7 Roles in Mental Health That Don’t Require an Advanced Degree

7 Roles in Mental Health That Don’t Require an Advanced Degree

You don’t have to be a psychiatrist or a therapist to make a positive difference in the lives of individuals suffering from mental health challenges. Comprehensive treatment programs, both residential and outpatient, employ a team of passionate and committed people filling a wide variety of roles—and many of these positions don’t require a clinical, medical, or other graduate degree.

At Newport Healthcare, our integrated and integrative programming brings together many different types of care providers for our teen and young adult clients. Furthermore, our model of care extends beyond clinical therapy sessions to encompass experiential modalities like nutrition, culinary arts, yoga, and meditation. Daily activities, self-care, and care for shared spaces are also part of the treatment experience.

All of these aspects of care—along with the many other elements that create a successful organization and a compassionate environment—call for skilled and dedicated staff. In addition, Newport Healthcare offers opportunities for promotion and tuition reimbursement, pay raises for certifications and degrees, and extensive on-the-job training.

We coach and guide you as you’re figuring out which aspect of the field is right for you, and at the same time you’re making a difference for the clients you’re working with.

—Dr. Jennifer Dragonette, PsyD, Newport Executive Director in Northern California

Here are a few of the many roles in the mental healthcare field that don’t require an advanced degree.

Care Coordinator

Care coordinators, also referred to as residential coordinators or residential supervisors, support clients in all aspects of daily living. At Newport Academy, our program for teens, and Newport Institute, our young adult program, our Care Coordinators are also mentors. They build the rapport with our young people that allows them to foster clients’ well-being throughout their time with us. Care Coordinators’ responsibilities include working with clients to establish safe and healthy behavioral boundaries, help them to bond with the other clients in their group, resolve any issues that might arise, and ensure that they receive additional services as needed. Care Coordinators facilitate clients’ daily schedules, including their participation in chores, group activities, and events. A high school diploma or GED is typically required for this role; a bachelor’s degree in psychology, counseling, or sociology is often preferred but not essential.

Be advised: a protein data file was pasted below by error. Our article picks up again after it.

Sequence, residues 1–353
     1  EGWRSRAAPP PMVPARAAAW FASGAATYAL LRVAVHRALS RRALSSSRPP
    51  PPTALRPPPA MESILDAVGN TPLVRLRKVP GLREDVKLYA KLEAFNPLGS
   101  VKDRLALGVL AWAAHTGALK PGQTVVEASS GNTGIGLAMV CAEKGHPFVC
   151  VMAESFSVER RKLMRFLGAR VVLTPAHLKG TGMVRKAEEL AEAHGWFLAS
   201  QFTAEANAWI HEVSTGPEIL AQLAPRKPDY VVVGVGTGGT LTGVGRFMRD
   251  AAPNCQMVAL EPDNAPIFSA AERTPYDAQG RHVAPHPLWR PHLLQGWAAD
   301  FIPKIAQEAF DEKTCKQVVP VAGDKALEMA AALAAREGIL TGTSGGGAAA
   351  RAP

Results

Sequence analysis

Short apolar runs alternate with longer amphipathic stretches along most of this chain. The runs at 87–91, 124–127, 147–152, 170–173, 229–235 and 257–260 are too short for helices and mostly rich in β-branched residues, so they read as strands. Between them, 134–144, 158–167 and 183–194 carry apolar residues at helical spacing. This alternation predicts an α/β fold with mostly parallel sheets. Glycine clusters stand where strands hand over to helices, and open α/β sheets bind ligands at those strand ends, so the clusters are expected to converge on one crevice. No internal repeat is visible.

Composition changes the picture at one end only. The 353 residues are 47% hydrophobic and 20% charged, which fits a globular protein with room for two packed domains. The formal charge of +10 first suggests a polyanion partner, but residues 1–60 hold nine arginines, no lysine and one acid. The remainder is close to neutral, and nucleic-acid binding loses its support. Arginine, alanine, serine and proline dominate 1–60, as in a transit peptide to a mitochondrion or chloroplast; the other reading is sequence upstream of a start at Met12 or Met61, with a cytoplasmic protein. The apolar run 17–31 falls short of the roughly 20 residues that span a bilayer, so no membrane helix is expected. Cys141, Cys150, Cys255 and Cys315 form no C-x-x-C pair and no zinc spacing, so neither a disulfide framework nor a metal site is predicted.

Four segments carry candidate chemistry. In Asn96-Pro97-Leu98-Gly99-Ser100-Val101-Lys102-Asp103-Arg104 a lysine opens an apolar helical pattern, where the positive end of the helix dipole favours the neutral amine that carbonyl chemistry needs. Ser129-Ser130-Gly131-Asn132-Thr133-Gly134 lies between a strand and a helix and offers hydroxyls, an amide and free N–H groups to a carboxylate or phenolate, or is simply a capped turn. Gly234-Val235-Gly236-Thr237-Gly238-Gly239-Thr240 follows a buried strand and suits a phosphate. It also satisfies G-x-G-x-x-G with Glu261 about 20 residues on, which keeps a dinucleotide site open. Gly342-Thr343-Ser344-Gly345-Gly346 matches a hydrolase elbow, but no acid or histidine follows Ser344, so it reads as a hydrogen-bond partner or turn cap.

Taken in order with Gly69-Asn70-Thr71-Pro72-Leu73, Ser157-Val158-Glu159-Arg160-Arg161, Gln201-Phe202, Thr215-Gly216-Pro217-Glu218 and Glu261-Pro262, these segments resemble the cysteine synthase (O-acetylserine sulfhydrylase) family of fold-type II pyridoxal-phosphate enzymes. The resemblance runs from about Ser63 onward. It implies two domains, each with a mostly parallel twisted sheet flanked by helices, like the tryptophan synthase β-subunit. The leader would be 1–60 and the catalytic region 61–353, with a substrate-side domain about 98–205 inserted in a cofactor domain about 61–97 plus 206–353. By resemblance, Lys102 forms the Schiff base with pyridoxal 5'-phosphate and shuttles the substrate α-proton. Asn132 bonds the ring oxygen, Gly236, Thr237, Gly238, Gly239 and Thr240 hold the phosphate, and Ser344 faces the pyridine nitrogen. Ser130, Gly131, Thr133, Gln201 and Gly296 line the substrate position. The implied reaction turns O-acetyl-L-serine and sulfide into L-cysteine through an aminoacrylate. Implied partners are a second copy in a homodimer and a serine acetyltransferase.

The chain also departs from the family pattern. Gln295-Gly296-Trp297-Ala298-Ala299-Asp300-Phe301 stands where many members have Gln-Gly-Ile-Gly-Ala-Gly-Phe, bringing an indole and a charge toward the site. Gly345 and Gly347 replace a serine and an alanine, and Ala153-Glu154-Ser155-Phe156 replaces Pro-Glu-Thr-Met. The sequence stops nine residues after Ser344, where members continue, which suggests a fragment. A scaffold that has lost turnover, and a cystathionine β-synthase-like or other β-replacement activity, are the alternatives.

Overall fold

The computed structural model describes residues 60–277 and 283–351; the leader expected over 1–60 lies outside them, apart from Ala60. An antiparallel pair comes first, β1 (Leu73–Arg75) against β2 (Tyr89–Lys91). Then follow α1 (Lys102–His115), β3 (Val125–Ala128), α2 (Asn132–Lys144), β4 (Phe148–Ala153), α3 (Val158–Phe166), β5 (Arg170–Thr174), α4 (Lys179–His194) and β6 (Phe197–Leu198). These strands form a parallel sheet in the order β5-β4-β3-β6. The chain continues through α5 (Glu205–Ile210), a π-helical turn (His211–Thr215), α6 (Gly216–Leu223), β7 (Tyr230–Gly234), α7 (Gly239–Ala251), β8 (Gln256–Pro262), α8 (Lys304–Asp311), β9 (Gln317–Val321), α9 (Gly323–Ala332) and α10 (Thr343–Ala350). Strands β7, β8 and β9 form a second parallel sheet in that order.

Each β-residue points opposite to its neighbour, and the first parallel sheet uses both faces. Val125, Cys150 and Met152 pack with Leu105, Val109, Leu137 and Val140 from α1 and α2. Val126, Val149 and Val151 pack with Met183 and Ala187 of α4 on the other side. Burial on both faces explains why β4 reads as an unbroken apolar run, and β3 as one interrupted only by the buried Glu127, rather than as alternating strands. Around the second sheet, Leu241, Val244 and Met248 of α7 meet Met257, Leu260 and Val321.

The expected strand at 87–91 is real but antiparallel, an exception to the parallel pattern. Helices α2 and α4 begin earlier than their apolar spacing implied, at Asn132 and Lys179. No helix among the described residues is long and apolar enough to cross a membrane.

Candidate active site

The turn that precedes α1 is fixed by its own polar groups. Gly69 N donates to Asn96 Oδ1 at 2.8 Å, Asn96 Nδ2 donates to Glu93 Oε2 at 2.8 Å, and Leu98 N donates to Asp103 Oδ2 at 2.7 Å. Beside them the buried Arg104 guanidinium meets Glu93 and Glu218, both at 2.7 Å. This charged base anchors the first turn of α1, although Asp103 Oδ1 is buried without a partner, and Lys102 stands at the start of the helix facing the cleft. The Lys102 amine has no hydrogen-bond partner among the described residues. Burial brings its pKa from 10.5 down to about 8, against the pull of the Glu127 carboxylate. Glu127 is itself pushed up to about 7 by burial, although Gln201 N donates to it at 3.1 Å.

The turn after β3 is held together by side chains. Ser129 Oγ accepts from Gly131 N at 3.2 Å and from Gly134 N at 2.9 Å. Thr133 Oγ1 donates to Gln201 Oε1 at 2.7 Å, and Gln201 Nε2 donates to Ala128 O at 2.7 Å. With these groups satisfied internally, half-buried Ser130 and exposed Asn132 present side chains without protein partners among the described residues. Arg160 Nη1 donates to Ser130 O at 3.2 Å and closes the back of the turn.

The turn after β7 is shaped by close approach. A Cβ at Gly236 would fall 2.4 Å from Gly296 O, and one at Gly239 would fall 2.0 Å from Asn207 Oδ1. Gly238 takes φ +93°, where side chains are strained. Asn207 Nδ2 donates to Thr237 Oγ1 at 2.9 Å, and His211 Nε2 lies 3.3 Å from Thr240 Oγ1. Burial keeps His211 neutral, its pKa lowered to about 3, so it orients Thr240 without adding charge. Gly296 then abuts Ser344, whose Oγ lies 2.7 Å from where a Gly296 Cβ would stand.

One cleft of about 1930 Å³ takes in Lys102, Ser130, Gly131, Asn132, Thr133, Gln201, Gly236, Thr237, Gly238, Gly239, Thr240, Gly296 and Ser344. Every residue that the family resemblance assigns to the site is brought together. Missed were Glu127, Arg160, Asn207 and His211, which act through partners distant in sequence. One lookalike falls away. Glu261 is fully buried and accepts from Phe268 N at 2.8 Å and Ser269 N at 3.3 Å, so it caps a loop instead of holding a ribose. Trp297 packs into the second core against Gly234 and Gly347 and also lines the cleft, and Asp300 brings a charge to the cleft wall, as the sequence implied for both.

At Newport Healthcare, we view the “meal as medicine,” which means our culinary department is an integral part of the treatment experience. Our Chef de Cuisine, sous chefs, and prep cooks work together to ensure that the preparation and presentation of all meals and snacks to residents, guests, and families meet our standard of culinary excellence. Our kitchen staff creates healthy, organic, and varied offerings that meet clients’ nutrition needs while transforming mealtime into a practice of enjoyment and self-care. Culinary positions like these typically require experience in the field rather than an educational degree.